How much greenhouse gas is in our electricity? This question isn’t just academic for those of us working to decarbonize buildings. In applications that use some combination of fossil fuel and electricity—which is common!—controls strategies for decarbonization depend on being able to make GHG comparisons between fossil fuels and electricity. These scenarios play out in day-to-day commissioning work.
I’ve taken on the development of a control sequence for a rooftop air handling unit serving operating rooms at a hospital. The control sequence should introduce the optimal amount of outdoor air at every instant. Because operating rooms are densely occupied, use lots of equipment, are windowless, and lie in the interiors of well-heated hospitals, they generally require year-round cooling (even in New England!). This introduces an opportunity to save electrical energy with “free cooling”: rather than running mechanical cooling, we can use the rooftop unit’s economizer to bring in cold winter air. Sounds like an easy win.
But of course, it’s never that easy! Operating rooms also have very particular relative humidity requirements. Cold outdoor air is usually dry, and as it warms up, its relative humidity drops even further. If we bring in cold outdoor air, we then have to run the humidifiers, which use fuel; their job is to boil water and vaporize it into the airstream.
So now we have pitted electrical energy efficiency against a fossil fuel trade-off. Do we run the mechanical cooling on electricity, or do we run free cooling with the oil-burning humidifier? Which is less carbon-intensive, and at what points in time?
Using widely available GHG emissions rates for fossil fuel combustion, I can easily get an emissions factor per unit of humidification. But emissions rates for electricity are less straightforward. How do you trace a kilowatt-hour backwards through the poles and wires to determine its carbon footprint?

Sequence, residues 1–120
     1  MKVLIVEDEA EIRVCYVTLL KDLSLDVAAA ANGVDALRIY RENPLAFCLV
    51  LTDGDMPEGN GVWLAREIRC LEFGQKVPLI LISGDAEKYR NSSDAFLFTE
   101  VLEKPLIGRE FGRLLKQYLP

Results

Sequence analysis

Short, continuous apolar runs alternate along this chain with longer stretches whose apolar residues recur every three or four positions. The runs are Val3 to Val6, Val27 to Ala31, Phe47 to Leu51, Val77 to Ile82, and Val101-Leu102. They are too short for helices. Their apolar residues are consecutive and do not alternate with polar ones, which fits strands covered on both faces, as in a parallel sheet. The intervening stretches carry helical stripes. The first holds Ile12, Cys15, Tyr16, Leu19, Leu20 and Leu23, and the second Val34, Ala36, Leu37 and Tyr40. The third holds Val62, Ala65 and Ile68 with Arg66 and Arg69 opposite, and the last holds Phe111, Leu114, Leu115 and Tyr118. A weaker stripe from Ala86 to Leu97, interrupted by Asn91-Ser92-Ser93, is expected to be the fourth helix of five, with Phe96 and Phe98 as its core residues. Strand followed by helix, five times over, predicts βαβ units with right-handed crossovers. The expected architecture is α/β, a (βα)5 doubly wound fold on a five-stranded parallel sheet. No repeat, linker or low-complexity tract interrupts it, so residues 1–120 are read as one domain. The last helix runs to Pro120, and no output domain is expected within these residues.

A rooftop chiller. How much it runs depends on how we choose to control it. If we reduce run hours on the chiller, are we just causing the humidifier to run more?
It turns out that determining the benefits of avoided electric supply is of great interest to utilities, regulators, and electricity generators. In this world, the carbon footprint of avoided electrical end-uses is calculated using marginal emissions rates. Marginal emissions come from electricity generators that are physically scaling up or down with demand at any point in time (rather than serving as constant baseload). The idea is that somewhere, regardless of your utility’s long-term contracted renewable energy purchases serving the electric base load, there is a marginal generator (a natural gas turbine, for example) running “trim,” ramping up or down to balance the grid depending on system demand at that moment. So, when you shut off your air conditioner and open up the economizer, that marginal generator gets to ramp down their supply. Maybe you give them a friendly wave from behind the meter and say, “I did that!”
There are various ways to account for marginal emissions, but here is a straightforward table of the next years’ worth of marginal emissions rates for New England, according to the 2021 Avoided Electric Supply Cost study published by Synapse Energy Economics:
Even though I used a gas turbine as the example, marginal generators are not always fossil-fuel fired. The factors in the table above likely represent a blend of mostly natural gas and some renewable energy. The factors are the result of the authors’ extensive modeling to compare a future of energy efficiency and demand management vs. a future of business-as-usual. Electric supply is so complex that modeling is the only way to determine these if/then scenarios, and the results are best applied for only one year at a time.